##
**The Smith conjecture.**
*(English)*
Zbl 0599.57001

Pure and Applied Mathematics, 112. Orlando etc.: Academic Press, Inc. XV, 243 p. $ 49.50; £35.00 (1984).

It may be conjectured that any finite group of orientation-preserving diffeomorphisms acting on the 3-sphere, the 3-dimensional Euclidean space, or more generally any geometric 3-manifold, is conjugate to a linear group, resp. a group of isometries. All attempts undertaken so far to attack this problem distinguish between free and non-free actions, and both of these cases are long known to be deep and difficult. The special case of a cyclic group acting (non-freely) on the 3-sphere is classical and known as the Smith conjecture.

The first chapters of the book under review describe the history of the Smith conjecture and further include a brief sketch of its proof. It is here that the reader learns to his surprise that the proof of the longstanding Smith conjecture is rather simple - provided, however, he agrees to accept three deep techniques in 3-manifold theory: the hyperbolization of 3-manifolds, the arboreal technique and the minimal surface technique. As a matter of fact the Smith conjecture simply appears as a by-product of these techniques and, despite its title, the purpose of the book under review is to report on the invention of these techniques and to popularize some of the ideas behind them.

The book itself is an outgrowth of a conference held in 1979 at Columbia University to celebrate the solution of the Smith conjecture, and it reflects the state of affairs in those days. In the meantime not only the above mentioned techniques proved to be very powerful in 3-manifold theory indeed, but also some alternative approaches to the results dealt with in this book have been discovered. In particular, Thurston himself announced a generalization of his results to a geometrization theorem for orbifolds. This not only leads to a conceptually different proof of the Smith conjecture, but more generally to a solution of the conjecture indicated in the beginning for all those finite group actions on geometric 3-manifolds which have one-dimensional fixed point sets.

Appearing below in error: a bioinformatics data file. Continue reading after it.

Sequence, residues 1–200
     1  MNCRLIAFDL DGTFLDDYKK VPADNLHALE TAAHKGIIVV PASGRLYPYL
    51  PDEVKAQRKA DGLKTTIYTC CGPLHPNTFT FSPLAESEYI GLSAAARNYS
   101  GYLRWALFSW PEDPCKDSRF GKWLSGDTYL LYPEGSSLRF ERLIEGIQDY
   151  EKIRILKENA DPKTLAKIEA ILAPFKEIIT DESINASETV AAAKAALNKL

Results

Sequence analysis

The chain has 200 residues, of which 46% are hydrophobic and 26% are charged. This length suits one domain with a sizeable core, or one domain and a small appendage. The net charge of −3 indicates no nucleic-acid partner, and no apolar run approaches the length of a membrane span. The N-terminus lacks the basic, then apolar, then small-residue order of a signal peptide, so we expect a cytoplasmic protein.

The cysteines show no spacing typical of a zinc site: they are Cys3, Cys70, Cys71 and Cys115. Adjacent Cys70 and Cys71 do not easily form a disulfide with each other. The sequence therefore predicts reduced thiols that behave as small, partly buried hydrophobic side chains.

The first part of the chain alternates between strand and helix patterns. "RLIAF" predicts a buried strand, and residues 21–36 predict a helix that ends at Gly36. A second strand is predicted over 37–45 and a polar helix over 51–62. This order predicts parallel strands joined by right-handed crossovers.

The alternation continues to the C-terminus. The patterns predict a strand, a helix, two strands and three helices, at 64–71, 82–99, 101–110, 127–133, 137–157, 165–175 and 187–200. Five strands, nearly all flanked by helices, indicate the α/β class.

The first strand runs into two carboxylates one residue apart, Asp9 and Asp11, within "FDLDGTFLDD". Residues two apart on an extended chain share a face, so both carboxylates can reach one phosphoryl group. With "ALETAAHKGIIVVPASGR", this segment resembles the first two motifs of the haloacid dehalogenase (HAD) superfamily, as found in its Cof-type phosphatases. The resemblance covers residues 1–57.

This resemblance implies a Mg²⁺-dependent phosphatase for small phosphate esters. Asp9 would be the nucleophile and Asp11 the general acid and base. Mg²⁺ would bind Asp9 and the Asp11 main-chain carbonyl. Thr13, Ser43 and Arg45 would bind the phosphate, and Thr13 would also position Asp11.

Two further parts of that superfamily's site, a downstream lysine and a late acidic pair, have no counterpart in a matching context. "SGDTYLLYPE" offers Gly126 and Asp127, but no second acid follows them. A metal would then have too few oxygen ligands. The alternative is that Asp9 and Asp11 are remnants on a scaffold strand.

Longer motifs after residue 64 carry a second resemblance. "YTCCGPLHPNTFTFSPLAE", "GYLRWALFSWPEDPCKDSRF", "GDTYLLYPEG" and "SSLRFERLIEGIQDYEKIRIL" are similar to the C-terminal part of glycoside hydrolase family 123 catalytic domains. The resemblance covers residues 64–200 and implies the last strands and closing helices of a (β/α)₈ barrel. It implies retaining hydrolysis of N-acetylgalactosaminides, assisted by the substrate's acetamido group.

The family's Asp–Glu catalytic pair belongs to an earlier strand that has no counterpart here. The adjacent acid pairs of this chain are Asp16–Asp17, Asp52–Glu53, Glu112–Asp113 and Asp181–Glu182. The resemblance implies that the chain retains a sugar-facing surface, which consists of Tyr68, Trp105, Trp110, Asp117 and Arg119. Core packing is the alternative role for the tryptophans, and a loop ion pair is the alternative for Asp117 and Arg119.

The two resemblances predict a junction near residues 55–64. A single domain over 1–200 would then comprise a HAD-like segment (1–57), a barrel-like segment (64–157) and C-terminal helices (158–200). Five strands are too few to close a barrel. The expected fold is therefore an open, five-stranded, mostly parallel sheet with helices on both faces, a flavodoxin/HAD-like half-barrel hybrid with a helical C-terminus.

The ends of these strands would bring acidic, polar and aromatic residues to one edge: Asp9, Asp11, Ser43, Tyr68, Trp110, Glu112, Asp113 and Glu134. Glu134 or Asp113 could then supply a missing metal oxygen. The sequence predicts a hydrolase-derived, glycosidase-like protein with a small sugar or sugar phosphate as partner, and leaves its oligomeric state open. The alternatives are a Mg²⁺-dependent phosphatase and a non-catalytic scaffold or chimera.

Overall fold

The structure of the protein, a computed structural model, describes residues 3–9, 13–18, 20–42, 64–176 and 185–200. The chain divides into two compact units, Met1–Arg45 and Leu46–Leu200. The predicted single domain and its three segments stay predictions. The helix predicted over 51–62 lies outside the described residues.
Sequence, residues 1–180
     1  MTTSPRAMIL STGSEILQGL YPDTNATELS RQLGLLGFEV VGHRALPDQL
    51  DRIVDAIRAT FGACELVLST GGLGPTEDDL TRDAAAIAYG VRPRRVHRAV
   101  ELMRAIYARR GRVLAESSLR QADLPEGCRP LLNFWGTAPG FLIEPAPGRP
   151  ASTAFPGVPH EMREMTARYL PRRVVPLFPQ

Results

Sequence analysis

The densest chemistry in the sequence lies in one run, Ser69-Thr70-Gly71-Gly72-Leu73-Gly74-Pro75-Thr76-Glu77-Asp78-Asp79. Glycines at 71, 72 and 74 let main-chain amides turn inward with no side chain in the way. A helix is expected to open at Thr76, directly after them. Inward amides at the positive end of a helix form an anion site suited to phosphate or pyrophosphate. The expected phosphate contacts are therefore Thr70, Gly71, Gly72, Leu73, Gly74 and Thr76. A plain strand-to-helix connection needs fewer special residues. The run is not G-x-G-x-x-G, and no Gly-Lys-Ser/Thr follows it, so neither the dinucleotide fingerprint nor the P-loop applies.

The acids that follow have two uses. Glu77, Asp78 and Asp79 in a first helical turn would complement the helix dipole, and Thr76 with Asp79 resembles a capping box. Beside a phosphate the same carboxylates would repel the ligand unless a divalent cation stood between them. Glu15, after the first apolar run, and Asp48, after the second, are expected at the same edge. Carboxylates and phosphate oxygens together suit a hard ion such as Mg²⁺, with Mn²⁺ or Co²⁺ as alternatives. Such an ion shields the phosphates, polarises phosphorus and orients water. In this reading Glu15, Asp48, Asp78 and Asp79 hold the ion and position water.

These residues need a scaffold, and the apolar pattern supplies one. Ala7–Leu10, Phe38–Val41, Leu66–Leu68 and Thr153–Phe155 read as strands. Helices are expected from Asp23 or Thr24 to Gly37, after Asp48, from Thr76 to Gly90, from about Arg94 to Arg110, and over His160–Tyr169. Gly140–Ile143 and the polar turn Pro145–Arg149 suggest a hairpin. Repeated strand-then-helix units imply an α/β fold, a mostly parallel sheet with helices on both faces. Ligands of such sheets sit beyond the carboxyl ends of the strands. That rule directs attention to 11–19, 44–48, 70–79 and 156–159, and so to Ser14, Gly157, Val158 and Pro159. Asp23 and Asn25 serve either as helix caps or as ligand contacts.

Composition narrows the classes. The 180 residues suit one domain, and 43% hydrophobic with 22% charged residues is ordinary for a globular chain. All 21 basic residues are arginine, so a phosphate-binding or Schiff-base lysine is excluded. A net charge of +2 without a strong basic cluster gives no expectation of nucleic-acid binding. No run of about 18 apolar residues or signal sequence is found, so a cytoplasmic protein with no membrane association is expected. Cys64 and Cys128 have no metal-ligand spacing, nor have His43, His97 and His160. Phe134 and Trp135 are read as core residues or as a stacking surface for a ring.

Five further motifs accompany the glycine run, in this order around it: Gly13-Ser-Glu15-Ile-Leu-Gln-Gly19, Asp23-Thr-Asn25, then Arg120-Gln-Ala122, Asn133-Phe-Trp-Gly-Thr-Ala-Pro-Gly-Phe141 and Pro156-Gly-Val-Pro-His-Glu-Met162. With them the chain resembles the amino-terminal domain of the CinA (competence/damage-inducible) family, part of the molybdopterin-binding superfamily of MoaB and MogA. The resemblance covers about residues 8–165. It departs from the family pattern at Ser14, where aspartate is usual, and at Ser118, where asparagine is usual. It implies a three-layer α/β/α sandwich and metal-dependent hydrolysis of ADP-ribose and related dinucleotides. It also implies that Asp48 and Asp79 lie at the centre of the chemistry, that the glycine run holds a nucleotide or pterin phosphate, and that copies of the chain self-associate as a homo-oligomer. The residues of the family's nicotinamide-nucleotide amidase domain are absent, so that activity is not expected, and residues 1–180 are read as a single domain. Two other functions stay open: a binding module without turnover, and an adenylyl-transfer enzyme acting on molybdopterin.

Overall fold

Technically, the book under review is a collection of reports and research articles written by various authors and I now report on these articles separately.

The first chapters of the book under review describe the history of the Smith conjecture and further include a brief sketch of its proof. It is here that the reader learns to his surprise that the proof of the longstanding Smith conjecture is rather simple - provided, however, he agrees to accept three deep techniques in 3-manifold theory: the hyperbolization of 3-manifolds, the arboreal technique and the minimal surface technique. As a matter of fact the Smith conjecture simply appears as a by-product of these techniques and, despite its title, the purpose of the book under review is to report on the invention of these techniques and to popularize some of the ideas behind them.

The book itself is an outgrowth of a conference held in 1979 at Columbia University to celebrate the solution of the Smith conjecture, and it reflects the state of affairs in those days. In the meantime not only the above mentioned techniques proved to be very powerful in 3-manifold theory indeed, but also some alternative approaches to the results dealt with in this book have been discovered. In particular, Thurston himself announced a generalization of his results to a geometrization theorem for orbifolds. This not only leads to a conceptually different proof of the Smith conjecture, but more generally to a solution of the conjecture indicated in the beginning for all those finite group actions on geometric 3-manifolds which have one-dimensional fixed point sets.

Technically, the book under review is a collection of reports and research articles written by various authors and I now report on these articles separately.

Reviewer: K.Johannson

### MSC:

57-06 | Proceedings, conferences, collections, etc. pertaining to manifolds and cell complexes |

00Bxx | Conference proceedings and collections of articles |